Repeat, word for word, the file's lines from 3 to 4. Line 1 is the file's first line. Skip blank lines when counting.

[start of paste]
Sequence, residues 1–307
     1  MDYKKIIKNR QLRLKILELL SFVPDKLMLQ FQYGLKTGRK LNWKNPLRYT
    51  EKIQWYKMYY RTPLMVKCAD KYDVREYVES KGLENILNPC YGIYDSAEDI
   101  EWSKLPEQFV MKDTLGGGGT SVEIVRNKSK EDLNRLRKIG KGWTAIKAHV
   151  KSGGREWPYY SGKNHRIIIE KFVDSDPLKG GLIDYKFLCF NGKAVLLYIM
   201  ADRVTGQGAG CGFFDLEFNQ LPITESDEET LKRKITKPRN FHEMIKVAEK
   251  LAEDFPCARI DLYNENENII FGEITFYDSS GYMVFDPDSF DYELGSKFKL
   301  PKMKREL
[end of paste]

    51  EKIQWYKMYY RTPLMVKCAD KYDVREYVES KGLENILNPC YGIYDSAEDI
   101  EWSKLPEQFV MKDTLGGGGT SVEIVRNKSK EDLNRLRKIG KGWTAIKAHV